(ISSN 2158-3579) is a peer-reviewed series.*

[1] <#14cbaa7d2a1daecf__ednref2> Consent Award (NAFTA Chap. 11 Trib. 2010),

[2] <#14cbaa7d2a1daecf__ednref3> ICSID Case No. ARB/95/2, Award, ¶¶ 2.22-2.
33 (Jan. 13, 1997), 13 ICSID Rev. 328 (1998). *See also Province of East
Kalimantan* v. *PT Kaltim Prima Coal*, ICSID Case No. ARB/07/3, Award on
Jurisdiction, ¶¶ 191-202 (December 28, 2009).

[3] <#14cbaa7d2a1daecf__ednref4> *See Salini Costruttori SpA *v. *Morocco*,
ICSID Case No. ARB/00/4, Decision on Jurisdiction, ¶¶ 60-62 (July 23,
2001), 6 ICSID Rep. 400 (2004).

[4] <#14cbaa7d2a1daecf__ednref5> “Regulation (EU) No 912/2014 of the
European Parliament and of the Council of 23 July 2014 establishing a
framework for managing financial responsibility linked to investor-to-state
dispute settlement tribunals established by international agreements to
which the European Union is party”, *Official Journal of the European Union*,
L 257, August 28, 2014, p. 121, available at

*The material in this Perspective may be reprinted if accompanied by the
following acknowledgment: “Charles-Emmanuel Côté, ‘Toward arbitration
between subnational units and foreign investors?,’ Columbia FDI
Perspectives, No. 145, April 13, 2015. Reprinted with permission from the
Columbia Center on Sustainable Investment (
<>).” A copy should kindly be sent to the
Columbia Center on Sustainable Investment at [log in to unmask]
<[log in to unmask]>.*

For further information, including information regarding submission to the
*Perspectives*, please contact: Columbia Center on Sustainable Investment,
Adrian Torres, [log in to unmask] or [log in to unmask]

*Most recent Columbia FDI Perspectives*

   - No. 144, Herfried Wöss, “Legitimacy in WTO law and investment
   arbitration: the role of the contracting parties,” March 30, 2015.
   - No. 143, Alvaro Cuervo-Cazurra and Ravi Ramamurti, “The escape
   motivation of emerging market multinational enterprises,” March 16, 2015.
   - No. 142, Louis Brennan, “The challenges for Chinese FDI in Europe,”
   March 2, 2015.

*All previous **FDI Perspectives** are available at
<>**. *

*Other relevant CCSI news and announcements:*

   - *On April 15, 2015*, The Minister of Finance of Norway, Siv Jensen,
   will talk about the management of the Norwegian sovereign wealth fund, with
   an emphasis on sustainable and ethical investing policies. The talk, with
   an introduction by Dean Gillian Lester, is sponsored by CCSI along
with the The
   Tamer Social Enterprise Program
    at Columbia Business School
   the Center on Global Economic Governance
   the School of International and Public Affairs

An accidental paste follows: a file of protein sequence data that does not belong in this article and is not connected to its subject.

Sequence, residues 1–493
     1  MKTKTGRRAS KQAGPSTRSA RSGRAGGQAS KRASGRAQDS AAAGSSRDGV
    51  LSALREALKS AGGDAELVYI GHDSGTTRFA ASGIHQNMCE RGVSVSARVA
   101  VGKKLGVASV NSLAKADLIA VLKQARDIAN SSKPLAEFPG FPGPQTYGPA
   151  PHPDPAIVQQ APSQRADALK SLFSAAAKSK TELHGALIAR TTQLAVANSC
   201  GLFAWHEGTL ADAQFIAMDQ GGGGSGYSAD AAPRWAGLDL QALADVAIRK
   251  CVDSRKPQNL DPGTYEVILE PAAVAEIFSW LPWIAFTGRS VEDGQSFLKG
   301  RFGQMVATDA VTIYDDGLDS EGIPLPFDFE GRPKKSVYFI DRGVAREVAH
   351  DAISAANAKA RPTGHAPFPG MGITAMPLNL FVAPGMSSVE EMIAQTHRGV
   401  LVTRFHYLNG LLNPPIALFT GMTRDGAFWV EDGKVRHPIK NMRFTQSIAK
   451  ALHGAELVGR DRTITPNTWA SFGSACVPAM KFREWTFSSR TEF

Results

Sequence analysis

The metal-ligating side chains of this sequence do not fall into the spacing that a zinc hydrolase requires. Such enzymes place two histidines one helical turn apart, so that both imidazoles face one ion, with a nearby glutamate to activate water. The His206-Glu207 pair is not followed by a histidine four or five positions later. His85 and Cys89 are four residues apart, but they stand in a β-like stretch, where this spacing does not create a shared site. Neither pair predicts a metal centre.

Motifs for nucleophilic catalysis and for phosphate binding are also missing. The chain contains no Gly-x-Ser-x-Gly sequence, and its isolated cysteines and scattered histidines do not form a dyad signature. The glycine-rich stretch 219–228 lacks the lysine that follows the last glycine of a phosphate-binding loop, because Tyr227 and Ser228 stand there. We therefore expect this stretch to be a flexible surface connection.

The talk, followed by a Q&A, will be held in room 1501, International
   Affairs Building (School of International and Public Affairs), from
   10-11:30am. *Registration is free, but required.* *To register, please
   go here
   For more information, please visit our website
   - *On April 20, 2015, *CCSI and the Center on Global Economic Governance
   will co-sponsor “The EU Growth Challenge and the Investment Plan for
   Debora Revoltella, Chief Economist of the European Investment Bank, will
   present the need for an investment plan for Europe, focusing on
   competitiveness enhancing investments. Her analysis will focus on research
   within the European Investment Bank and how this research inspired the
   development of the EU Investment Plan – the Juncker Plan. The talk will be
   held at Columbia Law School, Jerome Greene Hall, Room 107, from
6-7:30pm. *Registration
   is free, but required. To register, please go* *here
   For more information, please visit our website
   - *On April 21, 2015, CCSI will host “*EU External Investment Policy:
   Review of the First Five Years and Future Prospects for T-TIP and Beyond
   Colin Brown, from the Directorate General for Trade of the European
   Commission, will discuss the EU’s experiences thus far, and also provide
   insights as to what may lie ahead. The talk will take place at Columbia Law
   School, Jerome Greene Annex, from 6:30-8:00pm. *Registration is free,
   but required. To register, please go* *here
   For more information, please visit our website
   - *On July 13-17, 2015, *CCSI will host its first Executive Training on
   Investment Arbitration for Government Officials
   Columbia University. Through an intensive week-long course, government
   officials involved in managing investment treaty disputes or negotiating
   investment treaties will increase their knowledge of crucial procedural and
   substantive aspects of investment law. Sessions will be taught by leading
   academics and practitioners and will be tailored to uniquely address issues
   relevant to governments. *For more information about the program,
   please download the 2015 Executive Training Brochure here
   application here
   The application deadline to be considered for admission is April 15, 2015.*

Karl P. Sauvant, Ph.D.
Resident Senior Fellow
Columbia Center on Sustainable Investment
Columbia Law School - Earth Institute
Ph: (212) 854-0689
Fax: (212) 854-7946

*Copyright © 2015 Columbia Center on Sustainable Investment (CCSI), All
rights reserved.*
[log in to unmask]

*Our mailing address is:*

Columbia Center on Sustainable Investment (CCSI)

Columbia Law School - Earth Institute, Columbia University

435 West 116th Street

New York, NY 10027

Add us to your address book

unsubscribe from this list
update subscription preferences

[image: Email Marketing Powered by MailChimp]


Not spam
Forget previous vote

AIB-L is brought to you by the Academy of International Business.
For information:
To post message: [log in to unmask]
For assistance:  [log in to unmask]
AIB-L is a moderated list.